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Michael Moore - SW School of Botanical Medicine Home Page

Michael Moore - SW School of Botanical Medicine Home Page
Started in 1994, this site was maintained by Michael Moore, and was last updated by him on July 22, 2008 When my typewriter broke 14 years ago, I grudgingly purchased my first computer at age ancient used Mac Plus, recommended for low-tech ageing neo-Luddite green hippies such as myself. 12 computers, 4 scanners, 8 powerbooks, 4 digital cameras, 3 LCD projectors and 3 mini DV cameras later, I STILL have two unused ribbons left over from that Smith-Corona. All OCR work is done with FineReader 5 Pro by ABBYY (the best! If an ol' bear like me can pull this off, imagine what YOU could do for our collective benefit! You are visitor number:

Common Spicebush Look for spicebushes in damp, partially shaded, rich woodlands, on mountains' lower slopes, in thickets, and along stream banks, throughout the Eastern United States, except the northernmost regions. Pioneers knew that this was good soil for farms, with moist, fertile soil. The berries, which taste a little like allspice, are an irreplaceable seasoning for me. Rinse them, pat them dry, and chop them in a blender or spice grinder. If you have neither, put them under a towel and crush them with a hammer. Since spiceberries are ripe in apple season, they often find themselves in the same pot. To store long-range, donít dry the berries. Collect the twigs year-round for teas, or use the leaves from mid spring to fall. Pioneers called this plant fever bush because a strong bark decoction makes you sweat, activating the immune system and expelling toxins. The Indians used a spiceberry infusion for coughs, colds, delayed menstruation, croup, and measles.

Resources | Radical Herbalism Gathering The resources here are ones generated during the 2013 gathering, we’re updating them following this year’s gathering If you have any UK-based community herbal projects & resources or any other inspiring things to share please email info (at) . Articles about Community & Radical Herbalism Community-Based Herbalism (pdf) by 7Song, a herbalist working in Ithaca Free Clinic, New York.The People’s Pharmacy: Creating Grass-roots Healthcare Systems by David Crow.This is Anarcho-Herbalism – Thoughts on Health and Healing for the Revolution by Laurel Luddite.Finding Common Ground: My year working at Common Ground Health Clinic, New Orleans by Becs Griffths, Published in Herbal Thymes NIMH Newsletter. Download as a doc here. Inspiring Examples of Community Herbalism Rhizome Community Herbal Clinic Rhizome Community Herbal Clinic has been set up in Bristol to provide high quality herbal treatments on a sliding scale basis to the local community. Common Ground Health Clinic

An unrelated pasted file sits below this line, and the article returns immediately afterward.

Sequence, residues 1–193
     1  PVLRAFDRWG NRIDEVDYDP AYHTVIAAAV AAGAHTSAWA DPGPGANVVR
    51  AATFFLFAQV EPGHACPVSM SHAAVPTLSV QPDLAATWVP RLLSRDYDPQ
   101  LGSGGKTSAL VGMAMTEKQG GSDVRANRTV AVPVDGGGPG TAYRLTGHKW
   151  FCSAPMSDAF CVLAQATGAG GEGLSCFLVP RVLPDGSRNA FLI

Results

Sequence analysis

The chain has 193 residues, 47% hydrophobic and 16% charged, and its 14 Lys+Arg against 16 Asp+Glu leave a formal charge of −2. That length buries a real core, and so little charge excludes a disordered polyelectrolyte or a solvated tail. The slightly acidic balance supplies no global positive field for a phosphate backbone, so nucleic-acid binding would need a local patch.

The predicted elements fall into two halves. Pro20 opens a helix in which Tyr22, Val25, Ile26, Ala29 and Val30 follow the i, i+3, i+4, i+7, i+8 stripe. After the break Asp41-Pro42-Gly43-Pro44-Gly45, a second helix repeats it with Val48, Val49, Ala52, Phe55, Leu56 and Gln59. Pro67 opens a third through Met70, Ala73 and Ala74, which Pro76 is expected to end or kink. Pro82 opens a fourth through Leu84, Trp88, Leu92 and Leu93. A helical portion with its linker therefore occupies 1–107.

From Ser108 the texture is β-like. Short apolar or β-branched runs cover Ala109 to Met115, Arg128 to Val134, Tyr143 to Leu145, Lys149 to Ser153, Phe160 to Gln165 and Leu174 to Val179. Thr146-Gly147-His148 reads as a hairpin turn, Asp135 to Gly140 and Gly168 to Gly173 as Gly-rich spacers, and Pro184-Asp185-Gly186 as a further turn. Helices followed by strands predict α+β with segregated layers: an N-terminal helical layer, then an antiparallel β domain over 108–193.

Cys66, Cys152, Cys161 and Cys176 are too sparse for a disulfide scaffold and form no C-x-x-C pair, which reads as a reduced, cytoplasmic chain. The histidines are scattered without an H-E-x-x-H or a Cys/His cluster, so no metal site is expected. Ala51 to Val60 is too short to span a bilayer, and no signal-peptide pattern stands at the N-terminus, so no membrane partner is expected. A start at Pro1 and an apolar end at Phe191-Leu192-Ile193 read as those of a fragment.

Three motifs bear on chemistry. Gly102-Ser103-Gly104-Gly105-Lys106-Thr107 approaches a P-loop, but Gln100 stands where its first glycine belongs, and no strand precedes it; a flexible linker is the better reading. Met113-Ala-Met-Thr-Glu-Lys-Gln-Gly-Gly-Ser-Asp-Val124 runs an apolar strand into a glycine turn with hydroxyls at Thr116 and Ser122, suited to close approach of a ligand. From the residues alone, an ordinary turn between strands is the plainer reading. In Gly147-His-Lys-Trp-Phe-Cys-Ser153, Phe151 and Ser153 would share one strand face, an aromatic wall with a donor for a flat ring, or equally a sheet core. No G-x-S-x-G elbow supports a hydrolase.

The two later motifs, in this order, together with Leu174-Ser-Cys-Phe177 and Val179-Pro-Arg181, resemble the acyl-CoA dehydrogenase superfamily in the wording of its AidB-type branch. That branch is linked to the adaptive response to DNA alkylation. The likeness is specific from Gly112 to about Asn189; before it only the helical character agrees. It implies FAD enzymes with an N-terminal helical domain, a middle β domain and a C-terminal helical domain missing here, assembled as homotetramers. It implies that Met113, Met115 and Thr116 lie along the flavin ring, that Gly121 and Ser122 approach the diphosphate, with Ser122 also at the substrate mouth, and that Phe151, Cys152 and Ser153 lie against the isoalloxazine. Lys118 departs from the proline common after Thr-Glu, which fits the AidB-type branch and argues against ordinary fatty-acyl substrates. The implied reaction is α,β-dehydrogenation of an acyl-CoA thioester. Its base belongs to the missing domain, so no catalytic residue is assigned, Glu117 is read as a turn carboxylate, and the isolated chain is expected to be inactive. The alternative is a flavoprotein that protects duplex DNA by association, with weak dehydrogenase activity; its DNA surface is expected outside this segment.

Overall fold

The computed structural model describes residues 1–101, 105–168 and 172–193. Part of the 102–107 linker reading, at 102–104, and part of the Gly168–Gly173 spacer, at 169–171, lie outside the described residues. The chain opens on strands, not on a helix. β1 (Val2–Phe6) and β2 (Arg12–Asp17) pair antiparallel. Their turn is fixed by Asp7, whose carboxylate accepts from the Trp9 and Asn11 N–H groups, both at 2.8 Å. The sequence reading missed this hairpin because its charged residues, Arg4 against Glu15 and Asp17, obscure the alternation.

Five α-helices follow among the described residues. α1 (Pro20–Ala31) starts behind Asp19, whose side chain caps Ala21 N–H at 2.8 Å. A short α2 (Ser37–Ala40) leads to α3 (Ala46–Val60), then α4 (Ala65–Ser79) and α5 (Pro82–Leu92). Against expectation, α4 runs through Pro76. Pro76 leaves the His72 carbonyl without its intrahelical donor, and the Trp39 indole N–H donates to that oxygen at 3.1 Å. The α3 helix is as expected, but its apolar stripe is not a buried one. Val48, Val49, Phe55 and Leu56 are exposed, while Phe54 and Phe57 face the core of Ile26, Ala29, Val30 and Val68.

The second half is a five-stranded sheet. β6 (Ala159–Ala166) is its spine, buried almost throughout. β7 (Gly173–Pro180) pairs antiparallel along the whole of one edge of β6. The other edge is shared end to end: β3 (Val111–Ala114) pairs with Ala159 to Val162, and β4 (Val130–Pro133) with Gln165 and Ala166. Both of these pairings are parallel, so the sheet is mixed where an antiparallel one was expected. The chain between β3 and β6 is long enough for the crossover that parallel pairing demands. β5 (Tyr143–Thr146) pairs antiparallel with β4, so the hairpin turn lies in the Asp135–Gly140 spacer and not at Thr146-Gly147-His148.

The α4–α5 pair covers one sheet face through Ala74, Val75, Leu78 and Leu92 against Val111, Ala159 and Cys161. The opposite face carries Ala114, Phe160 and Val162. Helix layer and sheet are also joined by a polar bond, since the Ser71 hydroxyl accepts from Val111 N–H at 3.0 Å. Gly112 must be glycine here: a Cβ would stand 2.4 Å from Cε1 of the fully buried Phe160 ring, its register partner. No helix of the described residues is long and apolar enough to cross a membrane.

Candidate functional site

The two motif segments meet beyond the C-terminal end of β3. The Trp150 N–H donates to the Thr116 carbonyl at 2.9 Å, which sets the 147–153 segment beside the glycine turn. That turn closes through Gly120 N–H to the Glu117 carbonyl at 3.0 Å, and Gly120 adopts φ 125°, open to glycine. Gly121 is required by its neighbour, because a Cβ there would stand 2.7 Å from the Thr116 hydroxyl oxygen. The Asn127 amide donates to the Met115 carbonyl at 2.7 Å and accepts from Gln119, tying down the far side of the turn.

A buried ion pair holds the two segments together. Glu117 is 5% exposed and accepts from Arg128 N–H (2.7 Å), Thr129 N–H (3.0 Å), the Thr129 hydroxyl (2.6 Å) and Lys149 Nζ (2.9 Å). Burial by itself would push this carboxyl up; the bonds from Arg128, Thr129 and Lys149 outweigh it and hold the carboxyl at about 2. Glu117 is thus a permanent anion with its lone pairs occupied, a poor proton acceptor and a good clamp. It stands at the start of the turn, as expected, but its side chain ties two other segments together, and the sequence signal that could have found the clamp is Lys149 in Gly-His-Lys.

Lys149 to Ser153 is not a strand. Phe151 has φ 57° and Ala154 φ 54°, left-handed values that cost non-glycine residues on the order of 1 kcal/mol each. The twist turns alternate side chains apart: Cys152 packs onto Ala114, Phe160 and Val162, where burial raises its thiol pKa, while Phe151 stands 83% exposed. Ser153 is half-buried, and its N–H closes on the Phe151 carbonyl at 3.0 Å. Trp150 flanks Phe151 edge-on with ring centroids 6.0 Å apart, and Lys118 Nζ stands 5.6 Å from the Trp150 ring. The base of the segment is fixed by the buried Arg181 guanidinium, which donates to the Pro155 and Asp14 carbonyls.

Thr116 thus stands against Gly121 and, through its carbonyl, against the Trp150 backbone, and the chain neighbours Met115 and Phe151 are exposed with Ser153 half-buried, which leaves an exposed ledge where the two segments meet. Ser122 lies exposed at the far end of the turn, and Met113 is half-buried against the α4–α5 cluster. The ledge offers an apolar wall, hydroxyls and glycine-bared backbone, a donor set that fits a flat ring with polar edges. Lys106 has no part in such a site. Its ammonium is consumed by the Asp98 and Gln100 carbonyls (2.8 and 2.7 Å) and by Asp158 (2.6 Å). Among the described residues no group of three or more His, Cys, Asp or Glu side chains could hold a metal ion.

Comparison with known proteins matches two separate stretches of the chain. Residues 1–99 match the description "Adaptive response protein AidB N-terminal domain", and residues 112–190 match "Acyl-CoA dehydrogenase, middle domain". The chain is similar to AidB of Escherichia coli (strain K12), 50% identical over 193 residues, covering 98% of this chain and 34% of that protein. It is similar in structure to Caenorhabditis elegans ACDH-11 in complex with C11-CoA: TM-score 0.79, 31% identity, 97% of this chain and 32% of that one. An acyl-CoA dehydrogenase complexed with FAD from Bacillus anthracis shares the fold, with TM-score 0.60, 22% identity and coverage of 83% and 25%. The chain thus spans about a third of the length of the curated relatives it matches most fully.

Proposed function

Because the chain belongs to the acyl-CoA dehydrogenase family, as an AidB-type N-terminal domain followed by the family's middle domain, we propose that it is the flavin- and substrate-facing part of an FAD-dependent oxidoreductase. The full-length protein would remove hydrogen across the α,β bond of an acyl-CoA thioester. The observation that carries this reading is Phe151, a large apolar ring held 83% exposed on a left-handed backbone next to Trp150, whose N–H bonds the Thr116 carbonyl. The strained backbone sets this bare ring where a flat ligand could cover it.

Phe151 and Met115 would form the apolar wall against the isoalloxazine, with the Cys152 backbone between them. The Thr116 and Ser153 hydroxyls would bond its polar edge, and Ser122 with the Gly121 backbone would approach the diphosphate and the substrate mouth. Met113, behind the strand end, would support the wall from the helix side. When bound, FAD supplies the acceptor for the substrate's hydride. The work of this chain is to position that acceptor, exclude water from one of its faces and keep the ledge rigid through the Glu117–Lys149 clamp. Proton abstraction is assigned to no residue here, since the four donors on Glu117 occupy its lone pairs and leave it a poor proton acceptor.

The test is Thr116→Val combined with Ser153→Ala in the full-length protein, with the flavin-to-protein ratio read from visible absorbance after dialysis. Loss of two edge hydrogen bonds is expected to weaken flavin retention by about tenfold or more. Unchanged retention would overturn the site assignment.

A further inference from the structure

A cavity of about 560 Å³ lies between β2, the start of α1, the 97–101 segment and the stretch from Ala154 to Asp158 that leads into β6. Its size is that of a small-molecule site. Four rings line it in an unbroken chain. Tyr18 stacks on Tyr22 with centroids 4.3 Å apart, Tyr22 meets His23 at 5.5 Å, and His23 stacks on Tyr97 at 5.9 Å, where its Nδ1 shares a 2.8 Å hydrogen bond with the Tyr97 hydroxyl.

BulkActives: skin actives and ingredients for DIY skin care Ethnobotanical Leaflets Granny Woman Ozark Herbs Patent US20110111065 - Low Temperature Ultrasonic Extraction Method for Plants - Google Patents 1. Field of the Invention The present invention relates to a low temperature ultrasonic extraction method for plants. 2. Currently, several extraction methods (for example, hot or warm water extraction method) for plants or Chinese herbal medicines are used in extracting purified products or enzymes. By way of example, Anoectochilus formosanus contain anti-bacterial materials which can suppress breeding of bacterial cells and perform anti cancer effect or anti-bacterial effect, in particular, on tissues of lung cells. U.S. U.S. Taiwanese patent application publication No. 200740377, entitled “Manufacturing method utilizing hydrolyzed vegetable solutions for anti-hypertensive functional foods,” also discloses an ultrasonic extraction method utilizing alcohol or alcoholic solvents for extracting extracts from Benincasa hispida. As is described in greater detail below, the present invention intends to provide a low temperature ultrasonic extraction method for plants. Journal The Lazy Lady’s Guide to DIY: Hanging Herb Garden At some point near the middle of March, I always decide that I’m “done” with winter. The sweaters and jackets get pushed to the back of the closet, the flip flops come out, and I inevitably freeze my butt off for several weeks until the weather catches up with my warm-weather state of mind. Likewise, my cravings for fresh herbs and veggies are always a little ahead of the season. Growing your own herbs is a great way to save money and avoid buying too much at a time and letting most of it go to waste. What you’ll need: Tin containers with snap-on plastic lids (tea, cocoa, and coffee cans are a good bet), coat hangers, pliers, scissors, herbs (I bought basil, rosemary, dill, and cilantro for about $2.50 each), masking tape, coffee filters, a nail, a hammer, X-acto knife, scrap fabric or paper, and glue or spray adhesive. After you’ve emptied and cleaned your cans, remove the bottom of the can with a can opener. Slide the bottom inside the can, holding it up from inside. Happy growing!